– Get grandparents, uncles, aunts, friends on board! I hear my friends talk about how their parents “spoil” their kids rotten on Christmas. Although I know it is well intended, it does more harm than good. You need to have honest conversations with the “spoilers” in your life. Tell them at this point, when your children are young, you are really trying to shape their character and need to work together as a team at Christmas time. It’s okay to set boundaries on giving.
-Think outside of the box. I heard of a family that gives no presents at Christmas time but instead gives a large envelope to their children with 12 individual envelopes inside filled with one adventure a month for the whole year, one of which is a major family vacation. What an awesome investment not only on your wallet to spread out the cost over 12 months but this is exactly what our children want above else, OUR TIME.
Now let’s address birthdays.
– Taking our cue from Christmas and continue to address the “spoilers” in your children’s lives. Encourage them to take your child on a special date rather than giving them more stuff. My parents once took my older two children to a local hotel that had an indoor pool for one night. Every time we drive by the hotel….EVERY TIME…they STILL talk about how that was “The BEST time ever.” Time and face to face events will ALWAYS trump a gift.
– When I send out invitations I always give gift suggestions. This might not meet etiquette standards but it has saved me a lot of headache after the party. There is nothing worse than your child receiving ” A Lego guy, A hot wheels pack of cars, A Playmobil boat, A Polly Pocket, A Barbie, A this…..A that…..” Next thing you know you have started brand new veins of toys. Instead I let people know, “Hey, this is what they are really in to now and we would love to keep adding to that collection or series instead of starting them on new toy line.”
– For each toy my children get, I have them purge a toy in it’s place. Our house didn’t magically get bigger since their last birthday so they need to choose what needs to be purged to make room. Chances are they have outgrown many toys so this will be painless. Start your Christmas donation boxes early!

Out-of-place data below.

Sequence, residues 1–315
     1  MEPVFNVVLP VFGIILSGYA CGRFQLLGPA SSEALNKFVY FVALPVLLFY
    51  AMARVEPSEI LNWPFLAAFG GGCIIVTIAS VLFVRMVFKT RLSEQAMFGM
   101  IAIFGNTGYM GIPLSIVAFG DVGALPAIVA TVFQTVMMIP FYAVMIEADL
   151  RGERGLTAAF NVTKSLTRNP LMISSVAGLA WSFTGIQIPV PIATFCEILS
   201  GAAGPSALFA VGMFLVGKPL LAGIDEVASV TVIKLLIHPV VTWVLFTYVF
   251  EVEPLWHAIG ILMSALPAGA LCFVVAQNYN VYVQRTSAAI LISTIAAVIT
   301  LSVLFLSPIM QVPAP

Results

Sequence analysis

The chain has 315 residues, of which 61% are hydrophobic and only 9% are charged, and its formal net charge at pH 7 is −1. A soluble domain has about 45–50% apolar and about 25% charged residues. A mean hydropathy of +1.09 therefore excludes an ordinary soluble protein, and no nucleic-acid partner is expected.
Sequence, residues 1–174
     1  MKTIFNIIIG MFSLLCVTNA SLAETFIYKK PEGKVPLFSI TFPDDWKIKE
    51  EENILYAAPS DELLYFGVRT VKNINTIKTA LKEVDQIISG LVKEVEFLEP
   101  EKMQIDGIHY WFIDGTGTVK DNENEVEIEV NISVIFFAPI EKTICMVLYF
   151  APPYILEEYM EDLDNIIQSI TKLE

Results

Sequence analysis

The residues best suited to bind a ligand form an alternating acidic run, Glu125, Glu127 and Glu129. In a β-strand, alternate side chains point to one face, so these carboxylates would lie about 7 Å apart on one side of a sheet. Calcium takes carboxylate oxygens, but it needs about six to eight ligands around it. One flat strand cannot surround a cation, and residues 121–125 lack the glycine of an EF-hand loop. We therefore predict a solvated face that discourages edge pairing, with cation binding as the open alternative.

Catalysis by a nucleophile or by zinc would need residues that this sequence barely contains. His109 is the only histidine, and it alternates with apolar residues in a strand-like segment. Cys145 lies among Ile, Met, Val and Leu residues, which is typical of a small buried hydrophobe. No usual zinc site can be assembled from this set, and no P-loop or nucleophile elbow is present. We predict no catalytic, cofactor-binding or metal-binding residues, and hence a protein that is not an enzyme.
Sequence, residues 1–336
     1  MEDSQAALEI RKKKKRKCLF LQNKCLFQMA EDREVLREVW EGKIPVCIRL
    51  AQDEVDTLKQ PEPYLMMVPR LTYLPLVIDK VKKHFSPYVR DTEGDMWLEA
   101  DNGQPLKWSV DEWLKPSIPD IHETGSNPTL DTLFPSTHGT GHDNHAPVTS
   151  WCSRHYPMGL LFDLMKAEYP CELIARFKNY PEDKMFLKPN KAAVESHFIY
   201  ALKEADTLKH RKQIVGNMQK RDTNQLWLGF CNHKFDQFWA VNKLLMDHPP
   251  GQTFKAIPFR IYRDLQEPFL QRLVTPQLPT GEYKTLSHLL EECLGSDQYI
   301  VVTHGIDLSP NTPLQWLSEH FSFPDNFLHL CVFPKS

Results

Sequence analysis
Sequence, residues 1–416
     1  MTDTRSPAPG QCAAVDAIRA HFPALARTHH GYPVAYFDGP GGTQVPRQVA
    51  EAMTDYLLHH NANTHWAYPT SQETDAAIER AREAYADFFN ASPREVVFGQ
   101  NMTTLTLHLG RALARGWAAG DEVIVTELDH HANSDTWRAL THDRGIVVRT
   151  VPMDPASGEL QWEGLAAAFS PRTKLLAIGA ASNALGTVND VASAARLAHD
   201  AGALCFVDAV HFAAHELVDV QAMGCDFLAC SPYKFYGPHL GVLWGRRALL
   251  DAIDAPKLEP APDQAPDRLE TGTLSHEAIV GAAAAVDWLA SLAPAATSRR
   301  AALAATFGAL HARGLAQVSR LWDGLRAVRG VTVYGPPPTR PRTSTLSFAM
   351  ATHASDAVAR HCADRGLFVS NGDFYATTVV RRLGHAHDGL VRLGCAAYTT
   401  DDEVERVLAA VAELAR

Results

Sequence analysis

– Delayed gratification is not a dirty word. Our daughter told us last year that she wanted an American Girl doll for her birthday. I naively did not realize that I would have to sell my last born in order to pay for this doll. I had to have a conversation with her that went something like this.” Chloe, you don’t really play with dolls that often and an American Girl doll is very expensive. You will have to show daddy and I over the next year that you really do like dolls and will play with them for us to consider buying you one.” So she did. For a year she took a small baby doll she owned and carried it around, took care of it, made sure we saw her paying attention to it. FOR A WHOLE YEAR. When it came time to plan her birthday we revisited the American Girl doll again. I reminded her that this was an extremely expensive toy and if she really wanted it then she needed to know that it would be her ONLY gift and that we were going to have a small party at our house with no bells and whistles. She decided on her own it was worth it. So that is what we did. One doll and a bare bones 7th bday party. They had a blast and she loves her doll. It was a good lesson for her on many levels.
We let her open it up the night before her party. Priceless……
Pulling the plug on the volume of gifts given in your home and shifting the emphasis to simplicity, giving, and thinking of others will require YOU, the parent, to be disciplined in spending and standing firm on your new normals. You are sure to receive resistance but consistency always wins. The JOY of giving will eventually sink in to their little noggins and you and others will reap the benefits. This isn’t easy but I can assure you that you are investing in your children’s character and teaching them early on what is important in life. A thankful and thoughtful child makes a thankful and thoughtful adult. Now that won’t make you blush!